Kerala High Court: Dealing as to whether the brutal murder of a political activist by a terrorizing bomb explosion in prosecution of a criminal design made by a rival political group amounts to “terrorist act”, a bench of P. Ubaid J upheld the decision of the Investigating Officer to proceed for investigation under Section 15 read with Section 16 of the Unlawful Activities (Prevention) Act, 1967 (U.A.P.A.) which deals with “terrorist activities”.
In the instant case, during the investigation, a special investigation team filed a report before the Court to proceed for investigation under Section 15(1)(a)(i) read with Section 16(1)(a) of the U.A.P.A. which defines “terrorist activities” and provides punishment thereto.
The learned Counsel for the petitioner K. Gopalakrishna Kurup, challenged the decision of the Investigating Officer on the ground that the alleged act of offence will not amount to “terrorist act” and that the provisions in Section 15 of the U.A.P.A are similar to the provisions in Section 3 of the repealed TADA. The Counsel for the prosecution alleged that the intention of the accused was not merely to eliminate the deceased, but to eliminate the opponents one by one, and thus to weaken the other political party in its strong holds.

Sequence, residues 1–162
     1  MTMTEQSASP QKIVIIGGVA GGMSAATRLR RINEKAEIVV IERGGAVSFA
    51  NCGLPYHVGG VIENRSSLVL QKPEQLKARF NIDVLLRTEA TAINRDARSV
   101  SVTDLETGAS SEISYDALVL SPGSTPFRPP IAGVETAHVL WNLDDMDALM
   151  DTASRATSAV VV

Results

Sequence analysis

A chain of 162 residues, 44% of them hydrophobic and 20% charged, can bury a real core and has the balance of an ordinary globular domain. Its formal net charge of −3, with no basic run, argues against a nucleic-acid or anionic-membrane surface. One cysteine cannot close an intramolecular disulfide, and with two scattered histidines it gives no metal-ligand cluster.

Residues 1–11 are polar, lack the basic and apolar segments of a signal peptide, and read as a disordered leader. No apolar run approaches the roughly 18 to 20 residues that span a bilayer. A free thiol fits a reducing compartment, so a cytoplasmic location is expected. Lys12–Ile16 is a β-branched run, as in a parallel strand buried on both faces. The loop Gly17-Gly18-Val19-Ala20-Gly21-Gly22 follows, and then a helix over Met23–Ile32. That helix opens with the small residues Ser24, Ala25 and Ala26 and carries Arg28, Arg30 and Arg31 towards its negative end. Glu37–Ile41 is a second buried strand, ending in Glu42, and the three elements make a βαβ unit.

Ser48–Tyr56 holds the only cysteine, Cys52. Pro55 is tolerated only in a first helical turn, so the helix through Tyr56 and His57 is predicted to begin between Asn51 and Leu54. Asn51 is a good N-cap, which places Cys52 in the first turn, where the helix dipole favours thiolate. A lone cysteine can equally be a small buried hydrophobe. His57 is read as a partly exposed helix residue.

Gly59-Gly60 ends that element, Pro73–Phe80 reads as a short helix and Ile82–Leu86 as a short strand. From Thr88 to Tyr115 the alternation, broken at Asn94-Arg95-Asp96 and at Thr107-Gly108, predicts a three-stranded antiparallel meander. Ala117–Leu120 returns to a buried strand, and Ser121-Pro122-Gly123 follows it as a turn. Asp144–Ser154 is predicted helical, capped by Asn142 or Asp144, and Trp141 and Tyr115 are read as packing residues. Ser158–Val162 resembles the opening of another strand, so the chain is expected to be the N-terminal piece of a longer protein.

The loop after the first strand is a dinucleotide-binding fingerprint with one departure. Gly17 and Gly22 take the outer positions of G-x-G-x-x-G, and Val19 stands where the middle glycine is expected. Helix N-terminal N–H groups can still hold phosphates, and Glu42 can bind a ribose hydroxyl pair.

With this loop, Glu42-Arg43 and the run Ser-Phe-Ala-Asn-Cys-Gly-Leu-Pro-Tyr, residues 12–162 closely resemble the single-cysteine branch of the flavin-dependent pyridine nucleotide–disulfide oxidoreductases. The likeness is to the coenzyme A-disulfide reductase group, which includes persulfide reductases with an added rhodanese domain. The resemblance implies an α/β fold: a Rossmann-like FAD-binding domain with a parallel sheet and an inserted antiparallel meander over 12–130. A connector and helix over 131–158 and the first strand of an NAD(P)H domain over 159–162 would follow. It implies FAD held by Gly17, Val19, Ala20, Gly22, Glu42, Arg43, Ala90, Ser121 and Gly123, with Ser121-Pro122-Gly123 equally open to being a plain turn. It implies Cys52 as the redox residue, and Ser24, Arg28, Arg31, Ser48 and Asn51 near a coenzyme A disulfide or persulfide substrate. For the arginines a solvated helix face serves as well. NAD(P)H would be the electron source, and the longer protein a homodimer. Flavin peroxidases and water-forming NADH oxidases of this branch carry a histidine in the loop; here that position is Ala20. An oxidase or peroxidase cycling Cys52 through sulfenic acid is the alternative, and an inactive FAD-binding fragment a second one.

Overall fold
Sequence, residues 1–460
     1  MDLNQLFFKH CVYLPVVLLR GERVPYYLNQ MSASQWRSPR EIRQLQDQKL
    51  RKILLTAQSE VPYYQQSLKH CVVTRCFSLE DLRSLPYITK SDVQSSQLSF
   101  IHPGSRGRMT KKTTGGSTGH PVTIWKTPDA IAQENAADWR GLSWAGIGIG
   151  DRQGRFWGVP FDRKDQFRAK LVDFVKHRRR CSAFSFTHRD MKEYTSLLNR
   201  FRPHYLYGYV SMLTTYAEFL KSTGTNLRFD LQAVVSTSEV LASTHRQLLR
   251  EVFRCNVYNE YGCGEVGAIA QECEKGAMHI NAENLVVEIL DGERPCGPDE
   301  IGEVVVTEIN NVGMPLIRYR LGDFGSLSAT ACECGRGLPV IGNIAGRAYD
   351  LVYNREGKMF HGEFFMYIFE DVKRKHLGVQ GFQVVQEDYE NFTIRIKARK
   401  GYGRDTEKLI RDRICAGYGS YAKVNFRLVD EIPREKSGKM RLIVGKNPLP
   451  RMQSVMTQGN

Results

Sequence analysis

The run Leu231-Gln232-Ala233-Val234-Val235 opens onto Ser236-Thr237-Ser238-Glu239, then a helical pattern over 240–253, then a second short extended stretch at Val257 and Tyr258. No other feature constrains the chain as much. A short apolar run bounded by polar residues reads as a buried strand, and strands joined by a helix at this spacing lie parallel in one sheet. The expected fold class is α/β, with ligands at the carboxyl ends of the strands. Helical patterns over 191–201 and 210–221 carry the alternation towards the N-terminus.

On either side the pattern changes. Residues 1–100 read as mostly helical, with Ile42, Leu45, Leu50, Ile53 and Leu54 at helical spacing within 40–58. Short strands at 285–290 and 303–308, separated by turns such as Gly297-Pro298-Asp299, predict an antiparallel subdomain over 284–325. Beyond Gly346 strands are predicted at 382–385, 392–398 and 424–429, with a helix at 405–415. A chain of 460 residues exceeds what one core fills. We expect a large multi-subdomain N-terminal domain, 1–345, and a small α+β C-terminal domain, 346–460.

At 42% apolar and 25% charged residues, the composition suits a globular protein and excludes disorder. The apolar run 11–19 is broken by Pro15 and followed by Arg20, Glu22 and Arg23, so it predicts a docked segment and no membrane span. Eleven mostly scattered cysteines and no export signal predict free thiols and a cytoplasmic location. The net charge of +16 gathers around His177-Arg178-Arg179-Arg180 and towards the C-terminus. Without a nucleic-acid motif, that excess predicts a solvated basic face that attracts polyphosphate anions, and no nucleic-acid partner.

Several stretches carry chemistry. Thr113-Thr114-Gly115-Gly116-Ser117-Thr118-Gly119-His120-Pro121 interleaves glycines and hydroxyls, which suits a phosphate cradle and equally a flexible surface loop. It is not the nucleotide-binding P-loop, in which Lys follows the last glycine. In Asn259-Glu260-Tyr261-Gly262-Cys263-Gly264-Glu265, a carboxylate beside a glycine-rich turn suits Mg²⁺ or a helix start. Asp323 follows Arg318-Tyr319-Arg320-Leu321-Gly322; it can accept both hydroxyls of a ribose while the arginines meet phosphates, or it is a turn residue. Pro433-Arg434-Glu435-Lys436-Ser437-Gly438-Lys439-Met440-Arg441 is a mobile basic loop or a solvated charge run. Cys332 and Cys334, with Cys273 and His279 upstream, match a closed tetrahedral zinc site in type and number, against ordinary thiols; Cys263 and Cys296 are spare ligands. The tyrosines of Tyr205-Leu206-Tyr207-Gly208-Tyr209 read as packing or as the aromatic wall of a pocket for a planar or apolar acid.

The Court found that the definition of “terrorist act” under the U.A.P.A gives wider definition and brings in even “likelihood of causing terror in the mind of the people” by using bombs etc which was not there in Section 3 of the repealed TADA. The Court noted that “any act likely to strike terror in the mind of the people by bomb explosion or by use of explosives or other substances in the process of causing murder or causing injury or causing damage or destruction of property in prosecution of some criminal design, will definitely attract Section 15 of the U.A.P.A” and that “in such a situation, it cannot be said that the Investigating Agency has transgressed the limits, or has traveled beyond the border line fixed under the law by filing a report before the Court to proceed under Section 15 and 16 instead of Section 13 of the U.A.P.A.”.
The Court refused to interfere in the investigation process on the finding that the Court can interfere under Section 482 of the CrPC, when the investigation process is totally unjustifiable or illegal, or in breach of the provisions of any law, thus causing serious prejudice and hardship to the person facing such investigation or prosecution, however the same is not a situation in the instant case. Therefore, the Court directed investigation in progress under the U.A.P.A to proceed. Vikraman v. State of Kerala, 2015 SCC OnLine Ker 664, decided on 03-02-2015.